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Education Matters, Especially for Women

Posted on | May 26, 2008 | No Comments

by Fara Warner

Two weeks ago on May 8, I gave a speech on the global power of the purse at the Marketing to Women conference in Chicago. From what I could tell from questions from the audience, discussions afterward and the applause (thank you), it was a success. But what continues to surprise me are the frank discussions I have with women who listened to my speech and then said: I never thought of women and economics that way.

What way? I often ask. The way, they say, in which education, money, and economic independence have made us what we are today. Too often as American women, we take for granted all those foundational elements—education, the right to vote, access to capital, the right to own a business—which have made us powerful consumers, powerful voting blocks, and powerful in the country’s economy. It isn’t until they listen to what is happening to women in other countries that they begin to see the power of what we have in American society today—and that power isn’t just about what we can buy. Indeed it is far more about what we can produce from the education that we receive.

Much of our power as American women comes from our increased access to education. In The New York Times, David Leonhardt writes eloquently about a “diploma’s worth.” For the whole story click here

As he writes, for most of American history, education had been the birthright of men, with male-only colleges dominating for more than a century. But in the 20th century that changed as women began going to college in increasing numbers. Today, in many colleges and universities, the graduating class will be a majority of women. A diploma’s worth to a young women is the access it grants her to a world that is still off limits to women around the globe. But as I noted in my speech, that is changing as women around the world harness the power of education. And in the end, for marketers, increased education both here and around the world does actually ring up to more sales as evidenced by a new study of the country’s wealthiest consumers.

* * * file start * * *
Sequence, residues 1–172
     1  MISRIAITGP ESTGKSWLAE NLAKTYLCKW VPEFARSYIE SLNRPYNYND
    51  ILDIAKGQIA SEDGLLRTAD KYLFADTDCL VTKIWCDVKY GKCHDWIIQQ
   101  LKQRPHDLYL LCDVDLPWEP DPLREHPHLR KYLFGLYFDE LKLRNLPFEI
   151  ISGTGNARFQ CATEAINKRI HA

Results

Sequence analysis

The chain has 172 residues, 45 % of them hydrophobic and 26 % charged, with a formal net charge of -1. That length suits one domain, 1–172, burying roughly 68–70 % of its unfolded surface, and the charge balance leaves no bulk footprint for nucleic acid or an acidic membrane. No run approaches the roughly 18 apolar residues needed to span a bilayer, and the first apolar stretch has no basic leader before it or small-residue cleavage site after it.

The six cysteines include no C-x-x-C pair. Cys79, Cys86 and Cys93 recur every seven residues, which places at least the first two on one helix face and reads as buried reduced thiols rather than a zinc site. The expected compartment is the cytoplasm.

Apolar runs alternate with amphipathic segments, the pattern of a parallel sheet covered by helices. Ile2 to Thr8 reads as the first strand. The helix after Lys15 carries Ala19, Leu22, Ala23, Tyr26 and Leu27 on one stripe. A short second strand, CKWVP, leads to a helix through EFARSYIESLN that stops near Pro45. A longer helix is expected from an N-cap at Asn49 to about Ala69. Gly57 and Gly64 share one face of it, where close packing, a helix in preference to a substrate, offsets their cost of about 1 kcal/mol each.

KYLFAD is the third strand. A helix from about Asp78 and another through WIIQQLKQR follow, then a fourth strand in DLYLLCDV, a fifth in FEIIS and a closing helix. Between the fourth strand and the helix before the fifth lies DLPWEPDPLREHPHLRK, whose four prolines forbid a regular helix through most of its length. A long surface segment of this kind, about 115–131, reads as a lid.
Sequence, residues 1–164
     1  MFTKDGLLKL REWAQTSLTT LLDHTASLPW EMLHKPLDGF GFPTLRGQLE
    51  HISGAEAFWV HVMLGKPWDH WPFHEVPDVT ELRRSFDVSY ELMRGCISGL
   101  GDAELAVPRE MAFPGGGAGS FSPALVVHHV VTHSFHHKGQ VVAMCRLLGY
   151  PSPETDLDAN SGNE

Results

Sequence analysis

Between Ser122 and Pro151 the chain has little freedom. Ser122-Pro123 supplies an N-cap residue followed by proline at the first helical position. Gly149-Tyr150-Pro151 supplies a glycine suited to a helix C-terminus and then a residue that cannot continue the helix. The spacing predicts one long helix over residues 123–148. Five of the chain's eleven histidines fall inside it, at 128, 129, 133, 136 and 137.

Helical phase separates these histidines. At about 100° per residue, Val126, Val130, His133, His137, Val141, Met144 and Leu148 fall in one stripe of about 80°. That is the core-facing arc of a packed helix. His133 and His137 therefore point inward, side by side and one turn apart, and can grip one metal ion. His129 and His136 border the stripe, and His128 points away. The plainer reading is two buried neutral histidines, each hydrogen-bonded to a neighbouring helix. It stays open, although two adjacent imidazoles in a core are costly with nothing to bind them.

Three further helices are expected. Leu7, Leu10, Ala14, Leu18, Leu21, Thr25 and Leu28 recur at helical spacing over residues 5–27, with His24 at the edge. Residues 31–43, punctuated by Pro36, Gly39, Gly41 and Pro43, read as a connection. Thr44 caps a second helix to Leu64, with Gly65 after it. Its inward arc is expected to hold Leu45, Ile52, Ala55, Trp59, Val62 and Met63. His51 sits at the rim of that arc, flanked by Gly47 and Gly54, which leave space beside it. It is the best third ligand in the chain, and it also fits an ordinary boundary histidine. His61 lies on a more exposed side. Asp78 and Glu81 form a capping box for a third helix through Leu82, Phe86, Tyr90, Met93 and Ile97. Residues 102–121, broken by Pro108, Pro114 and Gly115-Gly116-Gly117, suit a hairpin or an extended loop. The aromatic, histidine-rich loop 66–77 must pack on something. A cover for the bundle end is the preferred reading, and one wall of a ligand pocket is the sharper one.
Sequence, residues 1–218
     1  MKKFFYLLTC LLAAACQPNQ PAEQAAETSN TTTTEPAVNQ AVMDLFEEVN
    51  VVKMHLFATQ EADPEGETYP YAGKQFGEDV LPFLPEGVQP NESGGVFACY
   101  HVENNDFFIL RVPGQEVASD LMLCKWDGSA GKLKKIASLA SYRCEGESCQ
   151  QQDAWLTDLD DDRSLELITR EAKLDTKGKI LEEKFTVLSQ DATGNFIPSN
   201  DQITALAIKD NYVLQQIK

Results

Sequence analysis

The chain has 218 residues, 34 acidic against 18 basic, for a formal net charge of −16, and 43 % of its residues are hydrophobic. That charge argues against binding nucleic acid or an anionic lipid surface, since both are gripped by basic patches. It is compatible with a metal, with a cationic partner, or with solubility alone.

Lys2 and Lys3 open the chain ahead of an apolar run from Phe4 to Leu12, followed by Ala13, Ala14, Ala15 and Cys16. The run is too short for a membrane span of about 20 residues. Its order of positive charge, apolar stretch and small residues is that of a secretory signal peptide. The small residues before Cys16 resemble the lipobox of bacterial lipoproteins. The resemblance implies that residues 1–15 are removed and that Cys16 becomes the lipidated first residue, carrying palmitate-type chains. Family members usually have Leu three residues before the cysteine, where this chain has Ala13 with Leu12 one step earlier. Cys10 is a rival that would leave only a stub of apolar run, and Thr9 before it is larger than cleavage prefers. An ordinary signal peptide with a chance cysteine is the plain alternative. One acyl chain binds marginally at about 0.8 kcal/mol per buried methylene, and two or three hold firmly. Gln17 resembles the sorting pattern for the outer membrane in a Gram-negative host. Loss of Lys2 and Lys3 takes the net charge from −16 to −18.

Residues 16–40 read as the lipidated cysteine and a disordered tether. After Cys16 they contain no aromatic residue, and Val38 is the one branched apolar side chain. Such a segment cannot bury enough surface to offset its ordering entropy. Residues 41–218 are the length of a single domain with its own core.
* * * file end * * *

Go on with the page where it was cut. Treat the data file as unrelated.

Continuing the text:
According to the Luxury Institute, women are in charge of most buying decisions in wealthy households, defined as those with income of $150,000 or more. Married women in these household make two-thirds, or 64 percent, of the family purchase decisions. They make critical decisions on travel and home appliances.

Women in these households also make a majority of the investment decisions. Twenty-two percent make all of the family’s investment decisions, while another two-thirds said they made their decisions jointly. Forty-six percent choose the family’s bank accounts.

What is most interesting about the survey is the following: the women are spending their own money. According to the survey results, 72 percent of the women work on at least a part-time basis, while 54 percent work full time. Sixty percent earn at least $100,000 a year and one third of them hold positions at the vice president level or higher and 22 percent hold managerial positions.

Those powerful careers are driven by education, according to the institute’s statistics. Eighty-eight percent of wealthy women have at least a bachelor’s degree and 35 percent have a master’s degree. For more information, click on www.luxuryboard.com and www.luxuryinstitute.com.

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